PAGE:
Liver stiffness measurement and spleen diameter as predictors for the presence of esophageal varices in chronic hepatitis C patients
Although it is an invasive and unpleasant procedure, esophagogastroduodenoscopy (EGD) is still the gold standard for esophageal varices (EV) detection. The aim of this study was to investigate liver stiffness measurement (LSM) and spleen diameter as simple noninvasive tools for EV prediction in chronic hepatitis C patients (CHC).
A total of 123 Egyptian patients with CHC have been included and were classified based on screening EGD result into 2 groups; group A (without EV) and group B (with EV). Group (B) was subclassified according to EV grade into 4 subgroups: (B1, grade I), (B2, grade II), (B3, grade III), and (B4, grade IV). LSM was taken for each patient on the next day by an independent Fibroscan operator and correlated to the EGD result. Demographic, clinical, and biochemical data were recorded and analyzed using advanced data-mining computational technology.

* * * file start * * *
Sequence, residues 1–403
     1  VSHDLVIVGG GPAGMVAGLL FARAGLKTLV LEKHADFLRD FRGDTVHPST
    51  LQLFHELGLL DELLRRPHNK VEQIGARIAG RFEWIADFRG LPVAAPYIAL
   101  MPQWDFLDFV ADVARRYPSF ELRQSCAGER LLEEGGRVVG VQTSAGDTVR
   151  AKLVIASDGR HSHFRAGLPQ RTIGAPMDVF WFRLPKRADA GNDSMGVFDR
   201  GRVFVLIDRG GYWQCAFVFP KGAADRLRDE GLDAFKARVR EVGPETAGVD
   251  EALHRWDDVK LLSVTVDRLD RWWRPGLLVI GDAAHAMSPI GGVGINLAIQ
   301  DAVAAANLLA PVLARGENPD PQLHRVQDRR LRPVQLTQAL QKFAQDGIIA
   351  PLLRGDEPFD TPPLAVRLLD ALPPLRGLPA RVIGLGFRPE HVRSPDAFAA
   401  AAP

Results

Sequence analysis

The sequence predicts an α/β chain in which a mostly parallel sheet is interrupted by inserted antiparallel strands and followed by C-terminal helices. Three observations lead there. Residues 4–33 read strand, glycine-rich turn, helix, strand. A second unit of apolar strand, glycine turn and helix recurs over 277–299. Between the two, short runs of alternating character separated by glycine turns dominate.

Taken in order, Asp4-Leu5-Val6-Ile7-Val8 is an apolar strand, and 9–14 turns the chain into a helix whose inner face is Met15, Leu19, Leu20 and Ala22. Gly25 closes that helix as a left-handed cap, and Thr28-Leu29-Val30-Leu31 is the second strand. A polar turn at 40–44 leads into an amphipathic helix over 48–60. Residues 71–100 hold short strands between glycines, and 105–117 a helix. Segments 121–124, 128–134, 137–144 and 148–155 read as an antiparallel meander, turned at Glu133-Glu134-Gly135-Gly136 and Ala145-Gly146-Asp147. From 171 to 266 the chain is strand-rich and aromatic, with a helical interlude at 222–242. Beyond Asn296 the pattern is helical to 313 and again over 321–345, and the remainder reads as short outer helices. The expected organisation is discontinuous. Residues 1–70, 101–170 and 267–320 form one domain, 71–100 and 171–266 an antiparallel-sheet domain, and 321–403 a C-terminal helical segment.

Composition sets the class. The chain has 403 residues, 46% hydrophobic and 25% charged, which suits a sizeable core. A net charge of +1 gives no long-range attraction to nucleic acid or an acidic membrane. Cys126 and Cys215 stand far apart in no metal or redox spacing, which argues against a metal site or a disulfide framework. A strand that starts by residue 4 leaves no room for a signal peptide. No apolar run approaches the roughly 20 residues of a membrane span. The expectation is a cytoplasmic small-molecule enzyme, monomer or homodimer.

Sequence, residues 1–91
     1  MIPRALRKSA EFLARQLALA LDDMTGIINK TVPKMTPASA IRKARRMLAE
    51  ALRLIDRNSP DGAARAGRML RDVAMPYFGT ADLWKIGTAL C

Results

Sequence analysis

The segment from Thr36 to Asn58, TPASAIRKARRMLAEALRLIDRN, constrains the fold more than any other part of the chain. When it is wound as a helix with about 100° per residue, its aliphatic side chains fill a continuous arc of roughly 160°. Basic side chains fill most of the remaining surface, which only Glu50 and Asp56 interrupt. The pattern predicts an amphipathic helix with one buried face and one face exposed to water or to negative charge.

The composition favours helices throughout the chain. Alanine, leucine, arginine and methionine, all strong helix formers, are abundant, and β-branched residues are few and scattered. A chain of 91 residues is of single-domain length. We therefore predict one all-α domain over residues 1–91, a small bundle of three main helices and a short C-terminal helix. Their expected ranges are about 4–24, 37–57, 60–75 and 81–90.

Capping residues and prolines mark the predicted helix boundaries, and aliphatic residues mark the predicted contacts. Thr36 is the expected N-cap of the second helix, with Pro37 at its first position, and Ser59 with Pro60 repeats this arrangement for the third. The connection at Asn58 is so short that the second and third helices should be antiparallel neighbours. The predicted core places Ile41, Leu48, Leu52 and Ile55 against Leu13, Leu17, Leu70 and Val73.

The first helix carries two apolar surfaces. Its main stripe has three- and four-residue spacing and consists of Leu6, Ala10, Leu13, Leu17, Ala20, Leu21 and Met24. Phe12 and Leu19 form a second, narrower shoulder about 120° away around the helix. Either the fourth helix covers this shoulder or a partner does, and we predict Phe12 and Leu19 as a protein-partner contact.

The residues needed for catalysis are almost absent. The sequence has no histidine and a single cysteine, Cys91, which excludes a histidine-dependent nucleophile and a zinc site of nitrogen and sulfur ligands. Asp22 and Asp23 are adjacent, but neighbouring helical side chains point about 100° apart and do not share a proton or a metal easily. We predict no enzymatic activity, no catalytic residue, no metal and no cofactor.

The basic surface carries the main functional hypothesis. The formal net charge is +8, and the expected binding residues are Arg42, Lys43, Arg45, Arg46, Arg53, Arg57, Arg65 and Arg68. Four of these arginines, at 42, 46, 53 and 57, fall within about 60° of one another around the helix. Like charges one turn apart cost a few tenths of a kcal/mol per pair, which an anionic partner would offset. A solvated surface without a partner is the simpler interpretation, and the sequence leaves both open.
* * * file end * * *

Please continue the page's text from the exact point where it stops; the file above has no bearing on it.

Mean LSM was 9.94 ± 6 kPa for group A and 33.32 ± 14 kPa for group B, whereas it was 21.22 ± 3, 25.72 ± 6, 33.82 ± 8, and 46.1 ± 15 kPa for subgroups B1, B2, B3, and B4, respectively. Mean spleen diameter was 11.09 ± 1.7 cm for group A and 16.58 ± 1.6 cm for group B. However, LSM ≥17 kPa was the only independent factor for EV prediction; splenic longitudinal span ≥15 cm was a complementary predictor when LSM was <17 kPa. The overall accuracy was 98.33 ± 3.33, Mikro = 98.26%.
LSM ≥17 kPa and spleen diameter ≥15 cm is a simple noninvasive algorithm that could be used for prediction of EV and discrimination among its different grades.